This blessed place should attract us. We should look beyond this present fleeting world. We should endeavor to raise our eyes to Canaan’s happy shores, and obtain a glimpse of those everlasting hills from where our help comes from. Let the Christian ascend the mount of

meditation, and by the help of God’s Word, survey those fair regions which lie beyond the Jordan of death.
“My soul, on Pisgah’s mount ascend, Where Moses once admiring stood. There view the promised land extend Beyond the swelling Jordan’s flood.”
What glorious prospects are presented to the Christian pilgrim when he, by faith, gazes on the heights of Mount Zion above! There stands the New Jerusalem, the city of our God, in dazzling glory. Through its golden streets the river of life rolls its bright waters; and on the banks of that crystal stream, grows luxuriantly the tree of life, loaded with the richest fruits. To those fountains of immortality the Lamb conducts His white-robed followers, and in tasting of joys the purest and noblest in feasting on the banquet of redeeming love, the saints spend the ages of glory.
On those ‘walls of jasper’ and ‘streets of gold’ the sunbeams are always shining; but no earthly sun illuminates the celestial city. The glory of God enlightens it, and the Lamb is the light thereof. Our Heavenly Father is there, and His glory is manifested there. Jesus our elder Brother is there and He is the center of heavenly attraction; of heavenly glory.
Heaven is a chosen spot; selected by Christ; prepared from the foundation of the world for the eternal abode of the righteous. To the heirs of immortality, Christ will at last pronounce this joyful invitation, “Come, you blessed of My Father, inherit the kingdom prepared for you from the foundation of the world.”
Thus a place is already prepared for the redeemed; a place rendered infinitely attractive by a display of divine power, wisdom, goodness, and love. The beauty of heaven should attract us. It is a place of perpetual

loveliness; a kingdom of unfading glory. The earthly Canaan had many attractions, but what was that to the heavenly? It is the Canaan above that is so glorious! It is that ‘pleasant land and goodly heritage’ which stretches beyond the swellings of Jordan, that is so attractive to the Christian. Every child of God longs to reach those bright shores of a purer climate, where everlasting glory bursts upon the weary pilgrim!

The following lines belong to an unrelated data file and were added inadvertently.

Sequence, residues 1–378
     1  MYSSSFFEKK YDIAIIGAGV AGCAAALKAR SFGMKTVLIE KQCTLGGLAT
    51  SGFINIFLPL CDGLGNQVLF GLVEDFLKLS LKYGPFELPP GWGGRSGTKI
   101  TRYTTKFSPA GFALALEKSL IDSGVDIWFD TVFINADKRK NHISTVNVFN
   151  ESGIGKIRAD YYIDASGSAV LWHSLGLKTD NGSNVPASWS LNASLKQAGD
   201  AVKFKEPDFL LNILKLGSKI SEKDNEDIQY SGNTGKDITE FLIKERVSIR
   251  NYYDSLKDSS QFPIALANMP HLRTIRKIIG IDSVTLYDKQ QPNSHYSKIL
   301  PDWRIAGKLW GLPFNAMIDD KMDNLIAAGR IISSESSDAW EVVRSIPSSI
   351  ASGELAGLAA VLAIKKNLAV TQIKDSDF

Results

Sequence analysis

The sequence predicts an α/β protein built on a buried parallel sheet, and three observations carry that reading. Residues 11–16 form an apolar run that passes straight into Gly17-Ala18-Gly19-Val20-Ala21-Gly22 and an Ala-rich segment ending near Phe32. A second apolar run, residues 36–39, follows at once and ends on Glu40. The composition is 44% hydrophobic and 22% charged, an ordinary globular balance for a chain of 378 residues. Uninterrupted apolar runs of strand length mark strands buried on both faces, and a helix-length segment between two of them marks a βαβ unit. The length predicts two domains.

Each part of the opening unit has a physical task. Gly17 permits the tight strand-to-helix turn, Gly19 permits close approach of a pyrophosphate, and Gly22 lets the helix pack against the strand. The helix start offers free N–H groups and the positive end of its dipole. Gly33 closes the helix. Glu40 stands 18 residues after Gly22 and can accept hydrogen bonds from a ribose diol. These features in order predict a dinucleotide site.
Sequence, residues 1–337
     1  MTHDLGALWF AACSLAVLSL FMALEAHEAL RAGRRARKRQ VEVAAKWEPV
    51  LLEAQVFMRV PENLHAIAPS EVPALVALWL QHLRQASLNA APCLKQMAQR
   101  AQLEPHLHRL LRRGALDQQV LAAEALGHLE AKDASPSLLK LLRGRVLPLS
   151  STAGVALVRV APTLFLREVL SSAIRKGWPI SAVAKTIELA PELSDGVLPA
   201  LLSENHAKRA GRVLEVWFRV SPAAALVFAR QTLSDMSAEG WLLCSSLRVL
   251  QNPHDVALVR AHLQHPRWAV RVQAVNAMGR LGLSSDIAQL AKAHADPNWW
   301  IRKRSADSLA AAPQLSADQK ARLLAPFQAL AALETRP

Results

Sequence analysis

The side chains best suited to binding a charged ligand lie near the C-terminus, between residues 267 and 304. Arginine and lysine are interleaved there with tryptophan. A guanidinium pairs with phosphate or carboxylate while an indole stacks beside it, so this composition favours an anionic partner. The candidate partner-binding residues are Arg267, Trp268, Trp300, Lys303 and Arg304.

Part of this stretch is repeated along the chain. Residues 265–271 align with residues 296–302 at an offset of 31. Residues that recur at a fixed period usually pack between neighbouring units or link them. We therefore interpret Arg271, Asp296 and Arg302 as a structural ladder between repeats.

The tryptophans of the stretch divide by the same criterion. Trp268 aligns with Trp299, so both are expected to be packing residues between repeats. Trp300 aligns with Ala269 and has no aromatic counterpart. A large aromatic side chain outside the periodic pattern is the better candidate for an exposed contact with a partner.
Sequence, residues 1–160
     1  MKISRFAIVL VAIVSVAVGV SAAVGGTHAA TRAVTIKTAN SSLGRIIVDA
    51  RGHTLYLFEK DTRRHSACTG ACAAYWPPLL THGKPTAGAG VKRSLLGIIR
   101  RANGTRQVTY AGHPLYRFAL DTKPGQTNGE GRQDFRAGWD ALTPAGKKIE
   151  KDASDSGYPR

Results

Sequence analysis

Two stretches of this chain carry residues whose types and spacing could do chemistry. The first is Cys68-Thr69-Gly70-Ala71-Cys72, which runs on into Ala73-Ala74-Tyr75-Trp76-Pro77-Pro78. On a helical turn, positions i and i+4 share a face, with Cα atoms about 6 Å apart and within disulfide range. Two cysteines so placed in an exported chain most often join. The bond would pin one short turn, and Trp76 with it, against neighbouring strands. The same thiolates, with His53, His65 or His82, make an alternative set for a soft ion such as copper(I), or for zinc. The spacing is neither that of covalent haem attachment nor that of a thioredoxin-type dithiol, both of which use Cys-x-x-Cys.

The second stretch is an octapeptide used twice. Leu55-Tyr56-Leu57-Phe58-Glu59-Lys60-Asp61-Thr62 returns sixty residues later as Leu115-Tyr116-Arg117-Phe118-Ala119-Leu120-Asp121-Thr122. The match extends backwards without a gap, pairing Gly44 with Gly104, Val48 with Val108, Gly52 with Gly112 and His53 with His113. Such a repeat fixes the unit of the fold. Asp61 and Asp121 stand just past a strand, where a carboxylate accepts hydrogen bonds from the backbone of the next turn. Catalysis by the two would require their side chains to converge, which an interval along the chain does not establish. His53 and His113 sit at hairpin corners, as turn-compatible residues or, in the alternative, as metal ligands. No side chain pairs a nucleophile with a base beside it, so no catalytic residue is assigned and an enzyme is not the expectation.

Respecting the earthly Canaan, Moses’ prayer was, ‘I pray you, let me go over and see that good land that is beyond Jordan, that goodly mountain, and Lebanon.’ How much more should every Christian earnestly strive and pray that ‘an entrance may be administered unto him abundantly into the everlasting kingdom of our Lord and Savior Jesus Christ.’
The earthly Paradise was a charming spot, where grew every tree that was pleasant to the sight, and good for food; the tree of life also in the midst of the garden; and there issued a crystal stream to water the lovely region, and to fertilize a blooming world. How delightful to have dwelt in such a home as this. But Immanuel’s land, the everlasting home of God’s children, shines far more glorious than ever shone the earthly Paradise.
How consoling to think that every child of God shall finally be brought to that celestial world, to gaze with wondering eyes on its untold glories! What gratitude do we owe to God for providing such an inheritance for us! To Him we should continually raise our hearts in grateful songs of praise. We should call upon our souls and all that is within us to bless His holy name. We should exclaim with the Apostle, “Blessed be the God and Father of our Lord Jesus Christ, who, according to His abundant mercy has begotten us again unto a living hope by the resurrection of Jesus Christ from the dead; to an inheritance incorruptible and undefiled, and that fades not

away; reserved in heaven for you, who are kept by the power of God through faith unto salvation, ready to be revealed in the last time.”
Under many pleasing views, heaven is attractively set forth by the sacred writers. To accommodate their descriptions to our capacities they adopt various emblems, drawn from sublunary scenes. These figurative expressions but faintly exhibit the glory of the land of immortality. But they will suffice us for the present. Indeed, in our present state of existence, we could not possibly bear the full effulgence of that glory, which will burst upon the ransomed soul when mortality is swallowed up in life.